I was NOT expecting this slim novel to be so awesome, so horror-based, and so suspenseful. Loved it. It would have been an automatic 5 stars, but some things didn't jive.
The Return comes out on March 24, 2020!
Elise is told her best friend, Julie, went missing on a solo hiking trip. Two years go by, and Elise refuses to believe or accept that Julie's dead. She's sure Julie will turn up again, good as new.
Two years to the day that Julie disappears, she returns. She doesn't remember anything about her time missing, and things are...different. But Elise is ecstatic anyway—Julie came back.
To celebrate Julie's return, Elise and Julie's two other friends organize a girl's weekend at a lodge in the New England woods. The lodge is crazy wacky—think individually-themed rooms, Alice in Wonderland, Tim Burton, and The Shining all in one—and the girls are immediately set up for a weird time.
But the lodge isn't the weird part. Julie is.
Something's wrong with Julie, and it might not be what Elise is expecting...
Wow. What a cool, unique, horrific debut. This clocks in at just under 200 pages, and I devoured it in one sitting. The suspense was killer—at any given moment, I was on pins and needles waiting for the next creepy thing, the next reveal. The girls' friendship dynamics were painfully raw, honest, and full of recognizable traits that I identified with from my own friends. The reveal, while easier to guess than others, was still well done and I loved the final climax.
The only thing that kept The Return from being an automatic 5 stars for me was the overall pacing. You can tell that this story had a killer hook and good suspense, but due to the lack of a side-plot or believable red herrings its pacing suffered. Lots of dialogue-based scenes and not enough significant action. However, as the suspense was done SO well, this was relatively easy to ignore. It would have been a much bigger problem if this novel had been longer.
Thank you to Berkley via NetGalley for an ARC of this title in exchange for an honest review.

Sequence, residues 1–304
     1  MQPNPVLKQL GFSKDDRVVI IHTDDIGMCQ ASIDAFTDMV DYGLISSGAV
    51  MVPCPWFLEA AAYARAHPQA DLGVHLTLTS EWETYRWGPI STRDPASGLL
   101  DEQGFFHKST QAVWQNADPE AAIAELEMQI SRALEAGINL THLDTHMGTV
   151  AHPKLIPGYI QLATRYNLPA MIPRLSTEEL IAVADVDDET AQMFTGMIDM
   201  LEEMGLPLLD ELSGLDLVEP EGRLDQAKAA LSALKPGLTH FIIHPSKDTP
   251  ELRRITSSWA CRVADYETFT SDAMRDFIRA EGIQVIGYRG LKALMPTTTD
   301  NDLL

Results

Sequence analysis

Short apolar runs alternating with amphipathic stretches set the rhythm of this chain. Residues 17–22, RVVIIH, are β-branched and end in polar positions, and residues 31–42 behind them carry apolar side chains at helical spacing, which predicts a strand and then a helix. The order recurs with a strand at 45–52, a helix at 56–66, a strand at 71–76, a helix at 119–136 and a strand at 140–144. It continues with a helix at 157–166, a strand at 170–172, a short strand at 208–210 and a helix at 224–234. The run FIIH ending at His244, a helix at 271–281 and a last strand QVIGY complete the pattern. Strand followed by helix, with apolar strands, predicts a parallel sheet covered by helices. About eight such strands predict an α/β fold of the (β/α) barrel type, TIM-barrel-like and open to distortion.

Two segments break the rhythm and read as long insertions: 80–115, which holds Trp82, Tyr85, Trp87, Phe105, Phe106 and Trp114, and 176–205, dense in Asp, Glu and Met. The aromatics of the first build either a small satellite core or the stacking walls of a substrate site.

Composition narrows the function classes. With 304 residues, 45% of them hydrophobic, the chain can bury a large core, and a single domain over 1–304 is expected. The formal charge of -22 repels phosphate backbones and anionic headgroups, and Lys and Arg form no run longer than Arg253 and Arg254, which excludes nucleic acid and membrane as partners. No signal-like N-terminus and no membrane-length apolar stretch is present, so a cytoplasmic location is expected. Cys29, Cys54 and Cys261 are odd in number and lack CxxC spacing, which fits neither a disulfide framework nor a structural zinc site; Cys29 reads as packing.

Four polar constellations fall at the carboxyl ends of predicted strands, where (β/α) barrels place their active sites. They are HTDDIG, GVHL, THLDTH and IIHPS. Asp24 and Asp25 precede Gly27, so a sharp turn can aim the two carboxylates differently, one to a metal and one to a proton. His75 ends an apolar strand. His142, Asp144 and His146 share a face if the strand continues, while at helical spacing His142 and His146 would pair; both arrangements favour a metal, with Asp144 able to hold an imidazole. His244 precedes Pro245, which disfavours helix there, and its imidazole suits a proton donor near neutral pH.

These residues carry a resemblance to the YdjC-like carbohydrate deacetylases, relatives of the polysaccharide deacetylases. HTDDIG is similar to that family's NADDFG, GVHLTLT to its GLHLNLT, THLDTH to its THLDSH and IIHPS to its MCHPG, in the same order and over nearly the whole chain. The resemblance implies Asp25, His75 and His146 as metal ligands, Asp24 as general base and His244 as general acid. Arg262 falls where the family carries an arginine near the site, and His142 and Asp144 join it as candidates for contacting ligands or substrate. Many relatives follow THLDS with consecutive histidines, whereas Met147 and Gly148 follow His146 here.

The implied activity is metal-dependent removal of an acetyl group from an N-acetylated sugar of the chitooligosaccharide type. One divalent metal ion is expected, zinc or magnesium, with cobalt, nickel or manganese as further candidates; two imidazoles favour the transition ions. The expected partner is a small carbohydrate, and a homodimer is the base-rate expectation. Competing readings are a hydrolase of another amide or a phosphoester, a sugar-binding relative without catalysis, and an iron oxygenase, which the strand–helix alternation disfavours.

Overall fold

What a twisted nightmare. A fairy tale you'd never want to meet.
Warnings: Very graphic in the medical sense
I almost hesitated to rate this the full 5 stars because it's such a twisted speculative novella, but at the same time I think it's one of the most singular things I've ever read, so sue me. I loved it.
Follow Me to Ground is witchy, spooky, medically graphic, and disturbing. It follows the life of two non-humans, a father and a daughter, who live in a fairy tale-type scenario where they are the mystical healers that the town goes to when they're desperate. Ada and her father bury people in The Ground behind their cottage and heal their insides by scooping out the illness (literally).
Ada and her father aren't human, and they don't pretend to be.
Enter Samson, a local boy/man who captures Ada's ageless young girl/woman attention. (The hyphens are because the ages in this story are described in both ways...it highlights the overall fluidity of this story.) Samson and Ada begin an affair.
What started out off-kilter and uncomfortable gets even more so when Ada and Samson's love affair begins to fracture at the edges, and all is not what it seems. Is Samson a good man? What's up with his pregnant sister, who lives with him alone? What will Ada do when confronted with Samson's attentions vs. her nonhuman ties to The Ground?
Written with a one-of-a-kind narration and crackling tension-filled sentences, this is the kind of story that stays with you. If you liked Wilder Girls for its unflinching acceptance of body horror and its lack of explanations, you'll like this. If you liked Seanan McGuire's short stories on fairy tales best left alone, you'll love this.
I don't know what it says about me that I appreciated this story, but damn this was weird and awesome.
Thank you to Scribner for an ARC of this title in exchange for an honest review.
Amy Imogene Reads
Just someone looking for her own door into Wonderland.